Let’s Not Forget: Antibiotics Are Prescription Drugs For a Good Reason

While the most serious problem associated with misuse of antibiotics is the evolution of bacterial resistance to those drugs, I’ve noted before that another problem with antibiotic misuse is that antibiotics can have serious side effects. Jane Brody describes how fluoroquinolones, which include ciprofloxacin (‘Cipro’), can have devastating side effects:

In addition to being unable to walk uphill, climb stairs or see clearly, his symptoms included dry eyes, mouth and skin; ringing in his ears; delayed urination; uncontrollable shaking; burning pain in his eyes and feet; occasional tingling in his hands and feet; heart palpitations; and muscle spasms in his back and around his eyes. Though Mr. Balch’s reaction is unusual, doctors who have studied the side effects of fluoroquinolones say others have suffered similar symptoms.

Three and a half months after he took that second pill, these symptoms persist, and none of the many doctors of different specialties he has consulted has been able to help. Mr. Balch is now working with a physical therapist, but in a phone consultation with Dr. David Flockhart, an expert in fluoroquinolone side effects at the Indiana University School of Medicine, he was told it could take a year for his symptoms to resolve, if they ever do disappear completely.

Guidelines by the American Thoracic Society state that fluoroquinolones should not be used as a first-line treatment for community-acquired pneumonia; it recommends that doxycycline or a macrolide be tried first. Mr. Balch didn’t know this, or he might have fought harder to get a different antibiotic.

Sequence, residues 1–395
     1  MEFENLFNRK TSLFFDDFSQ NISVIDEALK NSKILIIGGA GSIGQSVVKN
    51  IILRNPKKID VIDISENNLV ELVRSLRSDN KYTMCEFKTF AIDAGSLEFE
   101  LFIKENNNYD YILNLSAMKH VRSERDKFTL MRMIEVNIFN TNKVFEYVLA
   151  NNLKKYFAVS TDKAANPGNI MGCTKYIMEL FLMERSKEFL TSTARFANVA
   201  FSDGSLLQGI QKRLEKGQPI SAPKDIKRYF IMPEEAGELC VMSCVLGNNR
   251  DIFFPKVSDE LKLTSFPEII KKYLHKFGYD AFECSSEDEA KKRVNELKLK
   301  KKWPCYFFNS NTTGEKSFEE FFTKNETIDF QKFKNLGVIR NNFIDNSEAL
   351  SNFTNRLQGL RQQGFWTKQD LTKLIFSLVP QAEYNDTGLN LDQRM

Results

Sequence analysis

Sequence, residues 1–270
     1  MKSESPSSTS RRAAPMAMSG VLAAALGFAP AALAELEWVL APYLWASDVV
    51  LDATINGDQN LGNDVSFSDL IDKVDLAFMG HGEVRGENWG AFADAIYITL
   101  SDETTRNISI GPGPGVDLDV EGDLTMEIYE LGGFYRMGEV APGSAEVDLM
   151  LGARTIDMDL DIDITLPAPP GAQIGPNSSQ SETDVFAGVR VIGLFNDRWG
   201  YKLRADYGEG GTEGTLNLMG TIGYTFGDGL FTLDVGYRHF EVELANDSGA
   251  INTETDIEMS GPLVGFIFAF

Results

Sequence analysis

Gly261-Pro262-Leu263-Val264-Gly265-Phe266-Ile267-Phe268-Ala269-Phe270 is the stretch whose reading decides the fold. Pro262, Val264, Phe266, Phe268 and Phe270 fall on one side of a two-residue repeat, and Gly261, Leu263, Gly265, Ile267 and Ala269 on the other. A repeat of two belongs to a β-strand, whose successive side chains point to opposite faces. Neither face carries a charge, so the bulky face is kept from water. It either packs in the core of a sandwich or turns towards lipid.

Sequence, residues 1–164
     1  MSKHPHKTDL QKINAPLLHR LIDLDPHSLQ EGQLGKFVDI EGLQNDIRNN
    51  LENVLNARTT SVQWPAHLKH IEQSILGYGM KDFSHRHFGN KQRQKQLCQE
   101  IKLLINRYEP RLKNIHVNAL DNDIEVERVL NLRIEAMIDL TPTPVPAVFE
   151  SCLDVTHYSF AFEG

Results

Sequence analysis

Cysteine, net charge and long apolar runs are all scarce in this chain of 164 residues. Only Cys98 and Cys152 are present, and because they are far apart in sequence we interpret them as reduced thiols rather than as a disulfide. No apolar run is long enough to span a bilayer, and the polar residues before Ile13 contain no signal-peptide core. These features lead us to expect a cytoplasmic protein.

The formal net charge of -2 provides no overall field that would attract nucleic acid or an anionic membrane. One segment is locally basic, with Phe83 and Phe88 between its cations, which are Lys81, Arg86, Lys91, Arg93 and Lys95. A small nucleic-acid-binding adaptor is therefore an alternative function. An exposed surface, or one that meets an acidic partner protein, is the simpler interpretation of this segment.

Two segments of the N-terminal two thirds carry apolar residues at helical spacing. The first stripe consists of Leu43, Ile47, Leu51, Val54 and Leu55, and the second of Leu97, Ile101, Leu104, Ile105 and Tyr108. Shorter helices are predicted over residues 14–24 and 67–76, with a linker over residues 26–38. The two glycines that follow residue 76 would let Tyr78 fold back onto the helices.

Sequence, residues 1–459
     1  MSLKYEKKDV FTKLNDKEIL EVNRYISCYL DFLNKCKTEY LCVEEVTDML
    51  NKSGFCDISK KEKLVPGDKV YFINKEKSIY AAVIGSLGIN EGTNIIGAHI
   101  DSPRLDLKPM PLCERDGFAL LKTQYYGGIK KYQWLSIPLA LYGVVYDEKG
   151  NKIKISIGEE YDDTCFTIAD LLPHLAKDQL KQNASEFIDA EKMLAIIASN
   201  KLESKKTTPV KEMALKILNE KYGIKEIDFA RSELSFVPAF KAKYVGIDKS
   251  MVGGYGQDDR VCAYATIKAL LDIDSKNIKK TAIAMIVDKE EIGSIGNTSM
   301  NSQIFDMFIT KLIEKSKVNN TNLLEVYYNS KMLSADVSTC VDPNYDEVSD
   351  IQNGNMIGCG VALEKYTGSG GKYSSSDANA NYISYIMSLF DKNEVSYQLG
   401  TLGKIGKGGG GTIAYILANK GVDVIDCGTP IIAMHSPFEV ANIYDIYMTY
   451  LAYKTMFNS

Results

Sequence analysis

Adverse reactions to fluoroquinolones may occur almost anywhere in the body. In addition to occasional unwanted effects on the musculoskeletal, visual and renal systems, the drugs in rare cases can seriously injure the central nervous system (causing “brain fog,” depression, hallucinations and psychotic reactions), the heart, liver, skin (painful, disfiguring rashes and phototoxicity), the gastrointestinal system (nausea and diarrhea), hearing and blood sugar metabolism.

People seem to think these drugs are magic. Not always.

This entry was posted in Antibiotics. Bookmark the permalink.

4 Responses to Let’s Not Forget: Antibiotics Are Prescription Drugs For a Good Reason

  1. george.w says:

    After my last (emergency) major surgery I had a difficult-to-control abdominal infection. The antibiotic I wound up on was horrible stuff. Saved me from an even worse fate but it was… well let’s not have to do that again. No good sleep for more than two weeks, leading to hallucinations, confusion, and I couldn’t even think about food for over a month. Fortunately I missed “irreversible peripheral neuropathy” and “Achilles tendon rupture”.

  2. How many billions of people have taken a fluoroquinolone?

    • Newcastle says:

      Quite a few and when one in a million adverse reaction occurs in that billion people a thousand people get sick.

  3. Pingback: Neurotoxicity of fluoroquinolones (e.g., Cipro etc.) – discuss thoroughly with your physicians before consuming – The Global Innovations

Comments are closed.